ASH: Regeneron’s bispecific banishes lymphoma—even in patients failed by CAR-T

ASH: Regeneron’s bispecific banishes lymphoma—even in patients failed by CAR-T

CAR-T therapies have been a game changer in certain blood cancers, but they aren’t a complete solution. For starters, not all patients can get CAR-T treatment, while others see their cancer worsen despite receiving it.

But Regeneron’s bispecific antibody could be a new option for those patients. The drug beat cancer back in two kinds of lymphoma in a phase 1 study, eliminating tumors in 70% of patients with follicular lymphoma (FL) and in 21% of patients with diffuse large B-cell lymphoma (DLBCL) who had not tried a CAR-T therapy.

The study, presented virtually Sunday at the annual meeting of the American Society of Hematology, found the treatment, odronextamab, did even better in DLBCL patients who had never received CAR-T treatment, banishing tumors in 55% of those patients.

The study tested various dose levels of odronextamab, a bispecific antibody targeting CD3 and CD20, in 127 patients with various non-Hodgkin lymphomas. That included 71 patients with DLBCL and 37 patients with FL. The patients had tried a median of three other treatments, with some receiving as many as 11 prior treatments. Of the 71 patients with DLBCL, just over one-third had tried a CAR-T therapy, namely Novartis’ Kymriah or Gilead’s Yescarta. In addition to being approved for the treatment of DLBCL, Kymria and Yescarta are also in the hunt for nods in FL.

Odronextamab’s effects were long-lasting, too. Of the 70% of FL patients whose tumors were cleared, 81% were still responding to treatment up to 41 months later. The numbers were similar in the DLBCL patients who hadn’t tried CAR-T therapy—of the 55% of patients who saw their tumors banished, 83% were still responding up to 41 months later.

The most common side effects were fever, affecting about three-quarters of the patients, and cytokine release syndrome (CRS), affecting 62% of patients. CRS is an inflammatory response that can happen after treatment with certain types of immunotherapies and is a common side effect of CAR-T therapies. Most of the cases of CRS seen in the study were mild or moderate, though, and no patients quit the study because of CRS.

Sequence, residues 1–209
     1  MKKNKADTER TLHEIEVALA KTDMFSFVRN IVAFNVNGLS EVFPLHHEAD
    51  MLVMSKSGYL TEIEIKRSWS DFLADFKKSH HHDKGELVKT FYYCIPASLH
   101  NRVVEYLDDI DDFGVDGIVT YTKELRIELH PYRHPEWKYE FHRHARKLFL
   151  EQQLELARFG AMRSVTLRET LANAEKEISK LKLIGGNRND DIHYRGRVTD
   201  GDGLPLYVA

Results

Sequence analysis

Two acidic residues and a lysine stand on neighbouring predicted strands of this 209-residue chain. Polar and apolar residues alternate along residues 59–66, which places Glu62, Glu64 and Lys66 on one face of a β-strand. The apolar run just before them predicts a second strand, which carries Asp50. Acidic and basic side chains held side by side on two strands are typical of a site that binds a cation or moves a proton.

“It is important to note that CRS occurs almost universally in the first one to two weeks,” said Andres Sirulnik, M.D., Ph.D., senior vice president of translational and clinical sciences, hematology at Regeneron. The company thinks its approach of stepping up patients’ doses in the first two weeks before hitting the target dose in Week 3 has helped it reduce the risk of severe CRS, he added.

Although CAR-T therapies have transformed the treatment of patients with DLBCL and other blood cancers, there remains room for improvement. The available CAR-T therapies are made from a patient’s own cells in a process that can be complicated and time-consuming.

“CAR-Ts are excellent tools to combat this disease, but on the other hand, they’re not available to everybody and we even have patients now that are starting to show progression in spite of CAR-T therapies,” Sirulnik said. The need for new last-line treatments for these kinds of blood cancer remains, he added.

“The CAR-T therapies available to a subset of patients have already shown themselves to be long-lasting therapies,” Sirulnik said. With odronextamab, Regeneron hopes to deliver similarly long-lived responses that are easier to administer to patients and be available to more people.

One other advantage of an antibody over CAR-T is the ability to adjust treatment after it’s started. Doctors may tweak the dose of odronextamab, or stop giving the drug entirely, if the patient is suffering side effects—something that can’t be done with CAR-Ts.

Regeneron has already started a phase 2 study of odronextamab that it hopes to finish enrolling in the first half of 2021, Sirulnik said. If all goes well, the company plans to conduct phase 3 confirmatory studies in FL and DLBCL in earlier lines of treatment, including second-line DLBCL and first-line FL. Further down the line, Regeneron hopes to combine odronextamab with the next generation of bispecifics in its pipeline to see whether they can deliver better results together.

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